Warm Bodies (2013) co-written and directed by Jonathan Levine
Warm Bodies is, on the surface, a transplant of Shakespeare's Romeo and Juliet into a zombie apocalypse. Two young people seem completely incompatible when they meet because they are from wildly different groups: he's a zombie, she's a human. She is with a group of young people scavenging supplies outside of the humans' walled-off city that is attacked by a group of zombies scavenging for brains. He's with the zombie group but is immediately taken by the sight of her (but after he eats her boyfriend). He helps her escape back to his home at an airport, where a lot of zombies shuffle around like the humans did years before. She lays low there and starts to appreciate him.
His saving her is certainly odd for a zombie movie but the zombie mythology here is a bit different from the standard. The movie starts at the airport with him going through his daily routine of aimless wandering. While he does this, he provides a highly-articulate voice-over narration of his life and his memories, such as they are. He can't remember his name but thinks it began with an "r" so he goes through the movie as R. He can grunt and occasionally speak a word or two. He goes out with some fellow zombies on the above mentioned raid. Instead of his heart skipping a beat when he sees Julie, his heart has a beat. His physical heart grows stronger the longer he stays with her and he begins to speak more words, even sentences. Could this be the zombie cure?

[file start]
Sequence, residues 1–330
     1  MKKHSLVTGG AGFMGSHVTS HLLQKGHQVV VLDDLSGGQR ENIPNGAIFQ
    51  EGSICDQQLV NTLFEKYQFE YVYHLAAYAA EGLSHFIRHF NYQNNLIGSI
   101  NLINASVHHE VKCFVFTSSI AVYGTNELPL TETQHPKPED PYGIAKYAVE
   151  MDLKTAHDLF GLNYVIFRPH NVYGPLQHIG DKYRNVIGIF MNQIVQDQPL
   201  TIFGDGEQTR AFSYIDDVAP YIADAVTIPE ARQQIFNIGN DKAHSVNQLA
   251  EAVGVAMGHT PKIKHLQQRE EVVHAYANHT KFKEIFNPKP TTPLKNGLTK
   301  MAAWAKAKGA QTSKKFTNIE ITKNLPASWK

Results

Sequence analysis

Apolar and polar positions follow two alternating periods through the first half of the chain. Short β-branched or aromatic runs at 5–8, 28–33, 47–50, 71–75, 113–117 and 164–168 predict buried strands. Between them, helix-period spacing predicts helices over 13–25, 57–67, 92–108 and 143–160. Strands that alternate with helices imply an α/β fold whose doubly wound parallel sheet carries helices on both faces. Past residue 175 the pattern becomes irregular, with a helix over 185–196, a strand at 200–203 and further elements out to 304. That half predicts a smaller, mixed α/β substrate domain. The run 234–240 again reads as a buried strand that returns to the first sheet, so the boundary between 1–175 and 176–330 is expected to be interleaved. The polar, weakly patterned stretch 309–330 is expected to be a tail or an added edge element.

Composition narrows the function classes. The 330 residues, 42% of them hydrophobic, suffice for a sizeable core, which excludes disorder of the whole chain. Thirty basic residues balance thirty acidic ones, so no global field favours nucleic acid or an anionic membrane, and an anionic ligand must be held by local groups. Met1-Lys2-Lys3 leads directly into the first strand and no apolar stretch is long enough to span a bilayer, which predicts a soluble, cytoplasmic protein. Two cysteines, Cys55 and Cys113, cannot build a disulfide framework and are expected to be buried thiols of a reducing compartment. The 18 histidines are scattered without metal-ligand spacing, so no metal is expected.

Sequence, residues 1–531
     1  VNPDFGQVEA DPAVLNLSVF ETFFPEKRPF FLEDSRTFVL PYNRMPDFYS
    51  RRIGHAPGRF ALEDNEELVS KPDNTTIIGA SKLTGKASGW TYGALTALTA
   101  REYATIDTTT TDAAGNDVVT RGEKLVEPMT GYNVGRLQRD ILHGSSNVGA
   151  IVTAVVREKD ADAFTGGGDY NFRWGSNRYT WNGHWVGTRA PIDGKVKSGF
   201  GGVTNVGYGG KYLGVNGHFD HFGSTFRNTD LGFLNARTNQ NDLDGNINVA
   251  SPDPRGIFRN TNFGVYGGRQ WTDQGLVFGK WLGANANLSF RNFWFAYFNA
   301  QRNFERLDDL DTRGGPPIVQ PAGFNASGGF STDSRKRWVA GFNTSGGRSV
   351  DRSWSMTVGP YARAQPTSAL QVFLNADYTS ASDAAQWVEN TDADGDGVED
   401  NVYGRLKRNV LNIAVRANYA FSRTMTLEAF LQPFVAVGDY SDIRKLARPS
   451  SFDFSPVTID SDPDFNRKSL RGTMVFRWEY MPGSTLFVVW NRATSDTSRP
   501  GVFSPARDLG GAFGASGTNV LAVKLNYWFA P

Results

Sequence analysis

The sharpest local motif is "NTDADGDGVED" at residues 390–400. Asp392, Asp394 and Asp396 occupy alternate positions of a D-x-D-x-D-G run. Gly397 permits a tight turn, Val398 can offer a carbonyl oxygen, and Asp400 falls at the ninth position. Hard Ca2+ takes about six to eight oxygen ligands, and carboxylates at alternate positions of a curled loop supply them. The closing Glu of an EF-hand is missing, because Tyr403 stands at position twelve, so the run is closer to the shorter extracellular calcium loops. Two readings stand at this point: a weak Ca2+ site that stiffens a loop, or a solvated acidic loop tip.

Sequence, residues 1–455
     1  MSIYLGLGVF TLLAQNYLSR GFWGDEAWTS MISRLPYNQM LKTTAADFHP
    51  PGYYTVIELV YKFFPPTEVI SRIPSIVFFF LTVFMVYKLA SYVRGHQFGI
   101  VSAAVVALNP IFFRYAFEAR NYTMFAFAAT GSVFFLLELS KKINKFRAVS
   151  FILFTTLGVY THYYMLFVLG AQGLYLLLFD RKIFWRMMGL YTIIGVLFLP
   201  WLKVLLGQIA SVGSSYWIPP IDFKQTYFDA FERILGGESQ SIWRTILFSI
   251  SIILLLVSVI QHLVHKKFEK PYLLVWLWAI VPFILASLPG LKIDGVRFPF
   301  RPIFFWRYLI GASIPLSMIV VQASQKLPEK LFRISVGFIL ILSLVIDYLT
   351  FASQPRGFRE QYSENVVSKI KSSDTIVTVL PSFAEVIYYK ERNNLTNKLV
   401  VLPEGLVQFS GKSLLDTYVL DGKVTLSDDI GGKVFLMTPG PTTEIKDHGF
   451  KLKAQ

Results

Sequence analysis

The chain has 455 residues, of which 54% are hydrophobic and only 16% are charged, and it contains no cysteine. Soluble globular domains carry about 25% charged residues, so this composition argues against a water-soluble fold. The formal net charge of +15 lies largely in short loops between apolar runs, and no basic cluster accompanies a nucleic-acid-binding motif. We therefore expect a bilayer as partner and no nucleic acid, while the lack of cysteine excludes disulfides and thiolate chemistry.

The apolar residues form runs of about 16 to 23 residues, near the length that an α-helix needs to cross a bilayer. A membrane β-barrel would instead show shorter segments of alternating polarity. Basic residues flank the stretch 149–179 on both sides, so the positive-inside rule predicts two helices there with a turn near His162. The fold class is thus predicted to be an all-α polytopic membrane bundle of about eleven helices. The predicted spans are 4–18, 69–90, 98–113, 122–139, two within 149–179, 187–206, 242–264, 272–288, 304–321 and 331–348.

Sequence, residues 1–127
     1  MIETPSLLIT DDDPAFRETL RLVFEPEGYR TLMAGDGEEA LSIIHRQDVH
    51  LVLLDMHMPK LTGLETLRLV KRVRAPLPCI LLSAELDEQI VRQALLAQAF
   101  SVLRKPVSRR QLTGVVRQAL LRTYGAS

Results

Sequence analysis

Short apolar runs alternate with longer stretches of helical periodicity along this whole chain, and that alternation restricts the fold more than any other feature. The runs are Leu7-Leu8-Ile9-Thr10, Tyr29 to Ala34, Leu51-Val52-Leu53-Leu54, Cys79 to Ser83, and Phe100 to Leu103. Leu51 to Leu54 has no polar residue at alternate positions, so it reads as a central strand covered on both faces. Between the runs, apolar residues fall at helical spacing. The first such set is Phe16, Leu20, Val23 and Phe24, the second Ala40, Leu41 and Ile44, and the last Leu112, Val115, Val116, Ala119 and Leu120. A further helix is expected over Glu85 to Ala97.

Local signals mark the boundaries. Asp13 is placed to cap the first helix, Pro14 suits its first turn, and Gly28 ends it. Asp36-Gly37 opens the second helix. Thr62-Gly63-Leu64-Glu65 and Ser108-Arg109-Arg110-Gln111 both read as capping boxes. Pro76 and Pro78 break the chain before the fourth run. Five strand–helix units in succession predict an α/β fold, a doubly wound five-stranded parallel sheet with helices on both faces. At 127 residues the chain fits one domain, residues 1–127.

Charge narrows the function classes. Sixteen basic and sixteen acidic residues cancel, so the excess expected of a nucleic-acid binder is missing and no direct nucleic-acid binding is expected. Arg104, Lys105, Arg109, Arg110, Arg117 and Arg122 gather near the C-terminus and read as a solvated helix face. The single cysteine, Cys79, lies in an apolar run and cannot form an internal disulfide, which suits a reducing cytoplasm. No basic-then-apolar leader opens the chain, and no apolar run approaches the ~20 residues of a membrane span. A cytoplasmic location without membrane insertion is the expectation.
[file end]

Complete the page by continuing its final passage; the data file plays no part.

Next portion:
The other big difference from standard zombie lore is the two classes of zombies. First are the high-functioning, still human-looking zombies like R, who do have an internal mental process (the voice-over shows it in R's case and zombies like him have similar behavior). Second are the bonies, zombies who are blackened husks of their former human selves. They are vicious and unreasoning and eat anything that has a heartbeat. They are too far gone to be cured and turn on the first set of zombies when they show signs of a cure, i.e. heartbeats. The bonies are generic bad guys who are scary enough for a PG-13 movie.
If you know Romeo and Juliet or one of its many imitators, the plot has no surprises. The departures from zombie lore are more surprising and interesting than the romantic plot. The performances are okay. John Malkovich plays Julie's father and he seems to be phoning it in for most of the movie. The two main characters are charming enough to keep the story going but are not outstanding. It was a mildly enjoyable film.
Parental advisory: some language; very brief scenes of zombies eating people; shooting of both kinds of zombies but not with much blood or gore; some peeling/wounded zombies; a quick shot of Julie in her underwear from behind; some kissing.